It is also why this trip to Poland has something of an edge. Aside from the fact England will be virtually unassailable at the top of the group if they win – going eight points clear of Poland with victory – it might consequently represent England’s last truly competitive fixture until the World Cup itself.
March is sectioned off for the play-offs, meaning anyone who has qualified will have friendlies, and the Nations League then fills the June and September breaks before Qatar. Enjoyable as Uefa’s mini competition is, it still doesn’t reach the levels of properly testing games.
Perhaps this is what Southgate is getting at. It is a long time to try and keep this form.
“As a team, we have to recognise that we’re in a good moment and the team are playing well,” he said. “While it’s enjoyable to be with this team at the moment because of the things you’ve mentioned, that also can be a dangerous moment, if we allow standards to slip in any way.”
England must beware of the threat posed by Poland striker Robert Lewandowski
Poland of course have precisely the player to punish them in Robert Lewandowski, as well as the edge of motivation. While they naturally think they can overhaul England in this group, there is a real sense of regret that they under-performed in two successive tournaments: the 2018 World Cup and Euro 2020.
That is almost illustrated by their display at Wembley in March. Without Lewandowski, Poland really put it up to England, and it was so different to the unconvincing appearances of the summer.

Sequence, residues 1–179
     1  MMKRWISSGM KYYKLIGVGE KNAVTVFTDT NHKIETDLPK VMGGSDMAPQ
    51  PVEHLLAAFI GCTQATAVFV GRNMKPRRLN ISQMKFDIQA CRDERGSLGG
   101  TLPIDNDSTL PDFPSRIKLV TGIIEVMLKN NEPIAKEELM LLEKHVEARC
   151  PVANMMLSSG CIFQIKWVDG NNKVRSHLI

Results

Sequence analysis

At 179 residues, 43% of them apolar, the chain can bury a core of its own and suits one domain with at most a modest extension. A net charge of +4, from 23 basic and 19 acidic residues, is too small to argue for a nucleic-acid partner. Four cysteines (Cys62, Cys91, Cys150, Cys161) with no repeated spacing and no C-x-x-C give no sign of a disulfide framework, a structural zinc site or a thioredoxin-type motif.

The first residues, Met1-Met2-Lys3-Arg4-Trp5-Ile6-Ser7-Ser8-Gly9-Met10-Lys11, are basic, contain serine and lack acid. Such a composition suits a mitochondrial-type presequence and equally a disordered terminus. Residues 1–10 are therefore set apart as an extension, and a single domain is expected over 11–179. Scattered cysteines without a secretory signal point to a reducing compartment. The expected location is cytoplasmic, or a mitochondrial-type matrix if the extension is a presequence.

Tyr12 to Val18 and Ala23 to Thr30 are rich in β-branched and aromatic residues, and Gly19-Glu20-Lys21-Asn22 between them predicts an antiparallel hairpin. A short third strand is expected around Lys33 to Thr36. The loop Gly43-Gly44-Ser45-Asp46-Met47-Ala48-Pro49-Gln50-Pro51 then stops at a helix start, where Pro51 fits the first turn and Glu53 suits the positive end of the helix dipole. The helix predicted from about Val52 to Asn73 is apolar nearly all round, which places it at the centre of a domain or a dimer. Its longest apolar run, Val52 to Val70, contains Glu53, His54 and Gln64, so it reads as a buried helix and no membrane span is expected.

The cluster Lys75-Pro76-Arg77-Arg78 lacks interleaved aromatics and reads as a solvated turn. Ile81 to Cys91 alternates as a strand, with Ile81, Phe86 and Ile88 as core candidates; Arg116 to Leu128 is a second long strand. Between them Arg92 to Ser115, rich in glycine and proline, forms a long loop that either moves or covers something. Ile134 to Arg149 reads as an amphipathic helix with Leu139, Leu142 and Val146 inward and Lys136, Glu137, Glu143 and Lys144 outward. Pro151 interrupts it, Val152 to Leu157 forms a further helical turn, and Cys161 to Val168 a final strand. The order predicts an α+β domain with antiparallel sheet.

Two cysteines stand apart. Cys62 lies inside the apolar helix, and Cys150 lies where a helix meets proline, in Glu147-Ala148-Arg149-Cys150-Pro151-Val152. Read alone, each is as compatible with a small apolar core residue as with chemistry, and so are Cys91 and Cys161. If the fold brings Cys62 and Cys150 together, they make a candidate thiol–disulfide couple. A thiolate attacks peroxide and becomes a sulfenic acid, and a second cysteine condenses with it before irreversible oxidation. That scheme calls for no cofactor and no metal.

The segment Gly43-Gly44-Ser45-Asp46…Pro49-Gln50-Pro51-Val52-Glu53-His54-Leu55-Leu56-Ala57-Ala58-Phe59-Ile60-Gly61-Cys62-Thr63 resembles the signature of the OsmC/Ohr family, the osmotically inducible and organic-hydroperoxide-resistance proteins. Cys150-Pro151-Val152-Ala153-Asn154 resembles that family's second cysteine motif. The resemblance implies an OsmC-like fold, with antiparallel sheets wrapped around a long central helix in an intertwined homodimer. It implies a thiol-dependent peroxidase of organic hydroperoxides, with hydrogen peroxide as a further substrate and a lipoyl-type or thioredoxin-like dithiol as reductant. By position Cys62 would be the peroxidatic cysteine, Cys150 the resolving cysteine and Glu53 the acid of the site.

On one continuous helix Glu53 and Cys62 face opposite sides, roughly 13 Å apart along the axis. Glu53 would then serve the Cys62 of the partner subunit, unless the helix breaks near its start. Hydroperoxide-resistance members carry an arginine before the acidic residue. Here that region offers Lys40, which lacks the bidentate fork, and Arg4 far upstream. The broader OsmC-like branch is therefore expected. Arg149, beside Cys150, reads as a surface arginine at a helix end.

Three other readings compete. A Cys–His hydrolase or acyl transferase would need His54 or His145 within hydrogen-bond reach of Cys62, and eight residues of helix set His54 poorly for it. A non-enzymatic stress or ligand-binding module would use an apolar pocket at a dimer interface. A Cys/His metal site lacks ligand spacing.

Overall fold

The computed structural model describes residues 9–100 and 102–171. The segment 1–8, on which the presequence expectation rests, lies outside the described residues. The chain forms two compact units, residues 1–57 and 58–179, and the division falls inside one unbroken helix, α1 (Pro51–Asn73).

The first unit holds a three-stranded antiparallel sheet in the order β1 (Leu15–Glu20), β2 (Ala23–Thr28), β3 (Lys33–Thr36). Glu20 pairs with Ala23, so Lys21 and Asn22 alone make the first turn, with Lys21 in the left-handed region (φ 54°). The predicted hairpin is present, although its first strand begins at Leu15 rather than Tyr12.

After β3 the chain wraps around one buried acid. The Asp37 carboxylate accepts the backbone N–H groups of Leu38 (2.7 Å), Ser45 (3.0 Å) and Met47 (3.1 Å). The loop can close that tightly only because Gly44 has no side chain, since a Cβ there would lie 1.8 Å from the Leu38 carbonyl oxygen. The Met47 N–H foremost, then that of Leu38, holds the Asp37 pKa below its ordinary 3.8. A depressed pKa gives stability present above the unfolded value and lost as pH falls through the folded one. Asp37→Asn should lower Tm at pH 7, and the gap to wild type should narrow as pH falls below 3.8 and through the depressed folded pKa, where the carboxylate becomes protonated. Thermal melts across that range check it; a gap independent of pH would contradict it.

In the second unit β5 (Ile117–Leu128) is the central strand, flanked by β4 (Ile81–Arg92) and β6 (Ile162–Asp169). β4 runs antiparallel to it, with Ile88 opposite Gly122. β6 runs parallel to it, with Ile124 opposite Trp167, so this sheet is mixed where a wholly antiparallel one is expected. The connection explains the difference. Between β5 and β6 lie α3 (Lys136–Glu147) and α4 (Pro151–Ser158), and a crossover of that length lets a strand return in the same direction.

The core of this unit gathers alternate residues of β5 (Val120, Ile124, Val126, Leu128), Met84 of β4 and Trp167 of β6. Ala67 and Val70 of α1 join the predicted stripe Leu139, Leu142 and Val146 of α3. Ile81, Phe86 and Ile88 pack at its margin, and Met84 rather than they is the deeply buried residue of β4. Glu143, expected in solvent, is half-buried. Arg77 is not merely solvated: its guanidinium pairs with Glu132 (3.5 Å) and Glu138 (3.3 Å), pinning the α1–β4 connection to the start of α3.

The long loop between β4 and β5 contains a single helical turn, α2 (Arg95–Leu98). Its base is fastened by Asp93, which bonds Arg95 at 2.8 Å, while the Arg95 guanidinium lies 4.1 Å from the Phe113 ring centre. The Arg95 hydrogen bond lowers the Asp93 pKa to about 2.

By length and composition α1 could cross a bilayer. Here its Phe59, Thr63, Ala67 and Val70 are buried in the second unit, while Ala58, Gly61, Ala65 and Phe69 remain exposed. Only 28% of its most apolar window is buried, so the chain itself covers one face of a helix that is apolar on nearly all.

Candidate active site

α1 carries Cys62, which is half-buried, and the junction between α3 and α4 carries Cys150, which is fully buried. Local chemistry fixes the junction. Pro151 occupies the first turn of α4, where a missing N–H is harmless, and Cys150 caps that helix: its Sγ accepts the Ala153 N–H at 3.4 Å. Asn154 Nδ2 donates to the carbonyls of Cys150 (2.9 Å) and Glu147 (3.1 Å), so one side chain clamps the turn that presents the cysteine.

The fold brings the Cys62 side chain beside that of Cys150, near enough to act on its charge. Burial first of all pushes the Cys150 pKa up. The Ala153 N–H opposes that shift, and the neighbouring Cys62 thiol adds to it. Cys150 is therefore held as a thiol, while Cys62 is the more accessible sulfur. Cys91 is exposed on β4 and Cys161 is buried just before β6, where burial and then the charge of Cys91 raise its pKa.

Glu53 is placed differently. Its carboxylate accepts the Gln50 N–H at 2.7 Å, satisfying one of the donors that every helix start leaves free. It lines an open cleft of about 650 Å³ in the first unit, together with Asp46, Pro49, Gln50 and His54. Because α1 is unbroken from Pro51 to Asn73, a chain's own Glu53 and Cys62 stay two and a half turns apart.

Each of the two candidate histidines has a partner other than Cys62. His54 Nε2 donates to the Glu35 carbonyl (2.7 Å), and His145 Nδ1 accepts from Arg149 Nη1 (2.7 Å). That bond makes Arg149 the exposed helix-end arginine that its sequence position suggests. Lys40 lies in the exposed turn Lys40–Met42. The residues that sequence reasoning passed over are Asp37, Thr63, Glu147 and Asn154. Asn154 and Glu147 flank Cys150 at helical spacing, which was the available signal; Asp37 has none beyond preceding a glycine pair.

Southgate’s solid defence, which has kept 11 clean sheets so far in 2021, will consequently face a challenge they haven’t really come up against yet. That is one of the game’s few prime strikers. None of their Euro 2020 opponents had anything close to Lewandowski, Harry Kane or Romelu Lukaku – who Southgate feels are still in a class of their own.
“They are the three that immediately spring to mind when you talk about players who are a focal point of the team, as a No9, with the goalscoring records that they have. They all play slightly differently although I see a lot of comparables with Lewandowksi and Kane in the way they come deeper, receive play, play teammates in, play those excellent passes as well as their finishing capabilities and their range of finishing.
“There are without doubt similarities. When you’re preparing to play an opponent, you have to pay that little bit more attention to their individual attributes because your defenders have got to be aware and ready for that challenge.
“Yes, we prepare some specifics around Lewandowski, but it’s the whole team we’ve got to be ready for.”
England have close to a full squad themselves. It’s all going so well. Poland have a chance to disrupt that. From recent history, though, England look ready for the challenge.